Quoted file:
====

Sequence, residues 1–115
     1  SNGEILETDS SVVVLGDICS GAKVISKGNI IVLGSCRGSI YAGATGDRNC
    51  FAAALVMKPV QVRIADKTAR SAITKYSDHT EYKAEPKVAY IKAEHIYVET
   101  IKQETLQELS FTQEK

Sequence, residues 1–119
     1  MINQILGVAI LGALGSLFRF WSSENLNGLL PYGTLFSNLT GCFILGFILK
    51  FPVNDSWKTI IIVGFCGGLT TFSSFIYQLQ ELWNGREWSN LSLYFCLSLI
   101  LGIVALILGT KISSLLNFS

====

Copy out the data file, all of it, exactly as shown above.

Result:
Sequence, residues 1–115
     1  SNGEILETDS SVVVLGDICS GAKVISKGNI IVLGSCRGSI YAGATGDRNC
    51  FAAALVMKPV QVRIADKTAR SAITKYSDHT EYKAEPKVAY IKAEHIYVET
   101  IKQETLQELS FTQEK

Sequence, residues 1–119
     1  MINQILGVAI LGALGSLFRF WSSENLNGLL PYGTLFSNLT GCFILGFILK
    51  FPVNDSWKTI IIVGFCGGLT TFSSFIYQLQ ELWNGREWSN LSLYFCLSLI
   101  LGIVALILGT KISSLLNFS